||Evans, Sir Robert Charles (1918-1995)|
||Sir Robert Charles Evans was an only child, born 19th October 1918, several months after his father, Mr R C Evans, had been killed in WWI. He spoke only Welsh until the age of six before learning English at school. He was educated at a public school in Shrewsbury and from 1936 studied medicine at University College Oxford, qualifying in 1942. Whilst there he was a member of the Oxford University Mountaineering Club and experienced his first Alpine season in 1939. He joined the Royal Army Medical Corps in 1943, being posted to India and Burma. He was demobilised in 1946 and moved to Liverpool to train as a neuro-surgeon, joining the Wayfarers Club to pursue climbing. He was elected to the Alpine Club in 1948 and elected a FRCS in 1949. Also in 1949, during his second Alpine season, Evans’ climbing partner was killed whilst on Mont Blanc. It was following this event that Evans came to meet H W Tilman and they subsequently attempted, albeit unsuccessfully, Annapurna II. Tilman recommended Evans to Shipton for inclusion in the forthcoming Mount Everest Expedition. In 1952 Evans, and other members of the Everest team, made an attempt on Cho-Oyu, this was a training expedition prior to attempting Mount Everest.
In 1953 the expedition to Mount Everest was successful. Evans, with Tom Bourdillon, had made the first ascent of the South Summit three days prior to this. Unfortunately, Charles’ closed-circuit oxygen set wasn’t working properly, so the pair had to return to the South Col. In 1955 Evans lead the party which successfully summited the SW face of Kangchenjunga. It was this expedition which proved him to be a great leader. As a result, he was awarded the Founder’s gold medal by the Royal Geographical Society in 1956.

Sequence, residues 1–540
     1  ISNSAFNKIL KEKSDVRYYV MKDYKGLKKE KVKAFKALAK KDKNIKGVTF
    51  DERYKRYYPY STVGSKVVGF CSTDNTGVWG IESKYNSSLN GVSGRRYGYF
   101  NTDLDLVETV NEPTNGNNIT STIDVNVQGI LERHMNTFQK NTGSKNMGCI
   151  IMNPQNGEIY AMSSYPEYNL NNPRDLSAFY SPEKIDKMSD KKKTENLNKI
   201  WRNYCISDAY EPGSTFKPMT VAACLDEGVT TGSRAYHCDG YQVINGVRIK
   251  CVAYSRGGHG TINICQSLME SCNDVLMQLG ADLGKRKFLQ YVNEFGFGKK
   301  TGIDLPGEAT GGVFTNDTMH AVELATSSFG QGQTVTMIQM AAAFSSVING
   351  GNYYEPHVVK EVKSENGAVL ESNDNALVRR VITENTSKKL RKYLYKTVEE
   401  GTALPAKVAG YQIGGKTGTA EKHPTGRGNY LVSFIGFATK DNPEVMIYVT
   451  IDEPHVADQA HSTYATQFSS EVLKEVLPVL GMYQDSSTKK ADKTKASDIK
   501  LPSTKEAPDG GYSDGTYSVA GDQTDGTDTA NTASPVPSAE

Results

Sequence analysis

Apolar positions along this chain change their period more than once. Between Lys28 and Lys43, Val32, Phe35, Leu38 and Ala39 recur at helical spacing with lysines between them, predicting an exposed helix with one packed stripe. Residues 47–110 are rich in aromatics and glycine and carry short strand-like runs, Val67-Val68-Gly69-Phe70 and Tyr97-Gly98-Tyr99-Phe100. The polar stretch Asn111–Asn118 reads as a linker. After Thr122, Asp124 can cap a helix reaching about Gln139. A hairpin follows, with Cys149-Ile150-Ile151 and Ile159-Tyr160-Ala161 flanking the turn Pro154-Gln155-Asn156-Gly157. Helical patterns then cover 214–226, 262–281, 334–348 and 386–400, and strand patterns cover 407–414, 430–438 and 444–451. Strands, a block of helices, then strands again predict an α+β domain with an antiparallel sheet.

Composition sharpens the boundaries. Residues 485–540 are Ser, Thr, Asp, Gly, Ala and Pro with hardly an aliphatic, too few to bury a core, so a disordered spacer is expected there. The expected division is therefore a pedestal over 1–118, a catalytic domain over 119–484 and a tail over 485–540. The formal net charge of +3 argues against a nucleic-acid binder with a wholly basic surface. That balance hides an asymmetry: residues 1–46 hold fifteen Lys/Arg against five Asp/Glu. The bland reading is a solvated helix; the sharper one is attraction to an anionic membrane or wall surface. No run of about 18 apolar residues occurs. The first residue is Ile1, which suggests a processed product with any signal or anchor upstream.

In 1957 Evans climbed Annapurna IV, following another unsuccessful attempt on Annapurna II. He married a notable climber, Denise Morin, who became the first female president of the Alpine Club. They had three sons, all who enjoy mountaineering. He also served as a member of the Management Committee of the National Mountaineering Centre at Plas Y Brenin, 1958-1978.
Charles’ held an honorary Doctorate from the University of Wales and in 1959 he became Principal of the University College of North Wales, Bangor. It was at this time that Charles was finally diagnosed with Multiple Sclerosis, following years of neurological symptoms.
The development of MS reduced his ability to walk, confining him to a wheel-chair, so he focussed his energies on sailing. Evans served as President of the Alpine Club, 1967-1970. He was knighted in 1970 for his professional achievements at the University, finally retiring in 1984. He published three books: Kangchenjunga, the Untrodden Peak’; ‘Eye on Everest’; ‘and ‘On Climbing’. He died of prostate cancer on 5th December 1995.
||Evans, Sir Robert Charles (1918-1995)
||B004 : The Ascent of Everest
B037 : Eye on Everest
B241 : Kangchenjunga - the Untrodden Peak